Cities: Our policy orphans
India’s farm to non-farm transition is being murdered by bad urbanization because cities have unelected or impotent leadership
The speed of an average taxi in Bangalore city is now 7 km/h; most people can walk that fast (so much for the productivity upside of the internal combustion engine). India could give every household half an acre and they would fit into Rajasthan and half of Maharashtra; if we had Singapore’s population density we could fit everybody into Kerala (so much for a land shortage explaining our massive overpricing of land). India’s real estate market has a dangerous 5% difference between rental yields and bank loan rates; in most countries these rates are equal (so much for the relentless pricing discipline of financial arbitrage). 25 crore Indians produce less food than 25 lac Americans (so much for the food security argument that wants to keep people on farms). All these points are connected via labour markets and we’d like to make the case that a) the only way to help farmers is to have less of them, b) our farm to non-transition is being murdered by bad urbanization, c) Bad urbanization is a child of city leadership that is either impotent or unelected. Let’s look at the each point in more detail.
India has too many farmers (250 million) and too many poor farmers (they are about 50% of the labour force but only produce 12% of GDP). The recent farm loans waivers represent what doctors call triage in the ICU; highly invasive treatment done under pressure with unknown but inevitable side effects. But India and Indian agriculture does not have a jobs problem but a wages problem and India’s wages will only sustainably rise when we cross the “Lewisian” turning point that is named after Jamaican economist Arthur Lewis’s hypothesis of critical mass in the farm to non-farm transition (China has crossed the Lewisian turning point with its famous 200 million Chinese new Year weekend migration coming down every year and Foxconn announcing that they will set up a factory 2000 km inland to pay the same wages as outside Hong Kong). The only sustainable way to help farmers is to have less of them by moving many of them into non-farm jobs.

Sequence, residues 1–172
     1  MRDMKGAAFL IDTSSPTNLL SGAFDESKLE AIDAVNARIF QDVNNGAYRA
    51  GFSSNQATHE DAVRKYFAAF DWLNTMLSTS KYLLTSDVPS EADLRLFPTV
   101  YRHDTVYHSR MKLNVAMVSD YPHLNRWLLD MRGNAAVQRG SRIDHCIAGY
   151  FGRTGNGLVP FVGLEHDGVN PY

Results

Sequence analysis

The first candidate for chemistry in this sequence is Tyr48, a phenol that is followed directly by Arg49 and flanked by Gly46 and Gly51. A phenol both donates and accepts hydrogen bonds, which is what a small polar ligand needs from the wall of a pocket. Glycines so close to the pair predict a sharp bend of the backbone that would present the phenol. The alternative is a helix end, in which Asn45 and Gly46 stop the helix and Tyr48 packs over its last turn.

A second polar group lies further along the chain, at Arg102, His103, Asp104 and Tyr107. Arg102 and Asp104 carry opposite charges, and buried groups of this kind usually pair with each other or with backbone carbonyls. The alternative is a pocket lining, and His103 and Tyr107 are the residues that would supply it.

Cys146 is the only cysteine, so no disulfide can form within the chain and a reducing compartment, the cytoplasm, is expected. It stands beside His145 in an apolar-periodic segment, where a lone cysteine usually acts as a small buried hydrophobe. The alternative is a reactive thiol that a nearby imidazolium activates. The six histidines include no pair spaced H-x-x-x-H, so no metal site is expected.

Political imagination wants to take jobs to people but is hard to create jobs in our 6 lac villages; 2 lac of them have less than 200 people. So we have to take people to jobs. But does this mean shoving more people into Delhi, Mumbai or Bangalore or creating 200 new cities? We believe the inevitable migration of people into our 50 cities with more than a million people is being retarded by bad urbanization that has created a big divergence between real wages (what employees care about) and nominal wages (what employers care about). We have hired 16 lac people over the last 15 years largely by moving people from small cities to big ones but this is becoming difficult because we can’t get kids to move (a kid in Kanpur said moving to Mumbai was impossible at Rs 12,000 because khana, rehna aur office jaana nahin banta). Urbanization is unstoppable but the mispricing of land, lack of public transport, poor connectivity to suburbs, and corruption means that India is not realizing the true productivity upside of cities that would make them magnets for evacuating farmers.
Cities are complicated organizations all over the world but Indian cities suffer the friendly fire of being policy orphans for three reasons. Firstly, State Chief Ministers are unwilling to cut the tree they are sitting on (Bangalore maybe 60% of the GDP of Karnataka). Secondly, cities don’t have the plumbing or mandate to generate their own resources from property taxes. Finally, and probably most importantly, city leadership is either unelected (bureaucrats officers serving as development authority or municipality heads) or impotent (elected politicians city that win elections but don’t wield power). I understand the argument against bureaucrats protecting cities against venal politicians playing a one innings game but the only sustainable solution in a democracy is “real” Mayors. It has taken us 70 years to get power from Delhi to state governments – there has been a massive devolution of funds, functions and functionaries in the last three years – but hopefully the process of getting power from state governments to cities will be accelerated. This needs enlightened state government leadership to look beyond self-interest; this is a big ask from any human but particularly a big ask from ambitious politicians. Politicians at the state and centre face two big human capital decisions over the next decade; civil service reform and the creation of elected and empowered city leadership. Essentially they will give up power with all the costs that entails but they will receive the undying duas of our youth and farmers who can find productive jobs in urban areas.
India’s farm to non-farm and rural to urban transitions are not accelerating because of the bad urbanization that is largely a child of the Constituent assembly where 299 remarkable people between 1946 and 1949 who wrote our constitution missed city governance in their design. We are confident that if the constituent assembly could review their design with the hindsight that this miss is sabotaging their directive principles of education and employment, they would change the laws, structure and design that make cities policy orphans. Why don’t we?
(Manish Sabharwal and Ashok Reddy. The writers are co-founders of Teamlease Services)
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